Area D1 was rich in small finds, with numerous Herodian- and Byzantine-period oil lamps, evidence of some form of bone-cutting industry, numerous ornate bone hairpins, a Byzantine tabun (oven), a small ostracon, dozens of coins, and the ark of the covenant (just kidding). The coins will prove crucial for dating purposes. This year, the D1 team also excavated through the several floor layers of the entire drainage system exposed last year. Coins found within the lowest plaster levels will help provide not only an important date for the drains but, more importantly, the entire monumental structure above that is built into it.
Supervisor: Noa Goldberg
Assistant: Nadav Rozenthal
Area E was excavated in the 1970s by Prof. Benjamin Mazar. Restoration work was then overseen in the 1980s by Meir Ben-Dov. Before her death in 2021, the late Dr. Eilat Mazar had been trying to attain a license to excavate this area because of its promise to find Second Temple Period (or earlier) remains. Area E was opened for the first time this season, and it did not disappoint.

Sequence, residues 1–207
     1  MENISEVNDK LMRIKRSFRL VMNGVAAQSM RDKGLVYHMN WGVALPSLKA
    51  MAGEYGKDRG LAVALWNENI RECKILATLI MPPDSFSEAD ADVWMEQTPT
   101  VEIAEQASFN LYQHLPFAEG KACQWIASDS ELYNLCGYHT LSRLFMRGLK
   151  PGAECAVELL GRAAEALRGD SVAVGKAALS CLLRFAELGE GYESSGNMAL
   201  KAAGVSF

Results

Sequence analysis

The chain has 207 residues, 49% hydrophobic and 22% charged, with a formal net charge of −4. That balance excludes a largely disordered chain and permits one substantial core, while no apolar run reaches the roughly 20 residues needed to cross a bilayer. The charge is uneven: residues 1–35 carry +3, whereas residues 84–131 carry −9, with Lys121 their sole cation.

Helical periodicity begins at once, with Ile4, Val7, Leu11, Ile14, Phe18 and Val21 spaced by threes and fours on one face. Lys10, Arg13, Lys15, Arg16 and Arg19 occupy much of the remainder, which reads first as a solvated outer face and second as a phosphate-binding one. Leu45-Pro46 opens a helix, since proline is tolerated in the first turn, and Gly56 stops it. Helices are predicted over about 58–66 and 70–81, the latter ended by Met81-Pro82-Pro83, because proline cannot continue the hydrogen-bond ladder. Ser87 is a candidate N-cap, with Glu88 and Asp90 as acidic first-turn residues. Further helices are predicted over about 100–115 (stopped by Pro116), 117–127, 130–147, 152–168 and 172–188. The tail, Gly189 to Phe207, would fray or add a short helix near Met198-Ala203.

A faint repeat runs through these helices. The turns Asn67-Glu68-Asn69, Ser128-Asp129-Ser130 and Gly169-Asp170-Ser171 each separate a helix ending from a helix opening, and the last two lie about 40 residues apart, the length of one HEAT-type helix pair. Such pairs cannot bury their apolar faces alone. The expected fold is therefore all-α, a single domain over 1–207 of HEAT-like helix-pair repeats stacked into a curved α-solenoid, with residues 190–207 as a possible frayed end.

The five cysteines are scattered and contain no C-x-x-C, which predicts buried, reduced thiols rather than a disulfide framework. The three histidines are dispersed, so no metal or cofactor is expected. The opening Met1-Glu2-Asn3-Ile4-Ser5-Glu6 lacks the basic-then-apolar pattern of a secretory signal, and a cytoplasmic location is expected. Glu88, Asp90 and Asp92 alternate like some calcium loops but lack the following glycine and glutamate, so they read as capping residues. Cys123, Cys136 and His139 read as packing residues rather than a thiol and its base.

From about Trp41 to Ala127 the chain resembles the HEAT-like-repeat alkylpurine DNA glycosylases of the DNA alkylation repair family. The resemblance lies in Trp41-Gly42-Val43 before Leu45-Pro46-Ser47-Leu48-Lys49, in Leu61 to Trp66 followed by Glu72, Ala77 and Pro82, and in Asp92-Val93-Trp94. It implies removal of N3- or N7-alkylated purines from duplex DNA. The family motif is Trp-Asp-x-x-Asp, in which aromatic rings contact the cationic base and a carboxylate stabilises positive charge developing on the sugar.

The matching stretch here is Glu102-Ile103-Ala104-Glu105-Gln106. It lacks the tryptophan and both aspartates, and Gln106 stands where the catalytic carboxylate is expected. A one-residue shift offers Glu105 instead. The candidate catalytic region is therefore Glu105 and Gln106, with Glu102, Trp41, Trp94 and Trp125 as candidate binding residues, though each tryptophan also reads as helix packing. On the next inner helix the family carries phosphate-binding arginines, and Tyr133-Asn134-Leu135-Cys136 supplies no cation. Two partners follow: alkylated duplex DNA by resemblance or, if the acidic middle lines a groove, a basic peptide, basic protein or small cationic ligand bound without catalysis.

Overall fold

Area E was also a tutorial excavation to teach first-year Hebrew University students, along with other volunteers, about archaeological practice. After squares were marked out and assigned, excavators almost immediately began finding Second Temple Period fills. While the area is extremely complicated, the biggest surprise was the discovery of several walls in the northwest of the site that likely predate the Herodian period. Next season, it is hoped to expand the excavation area to the north to further uncover the purpose and function of the Hasmonean-period walls.
Hasmonean Period Slingstone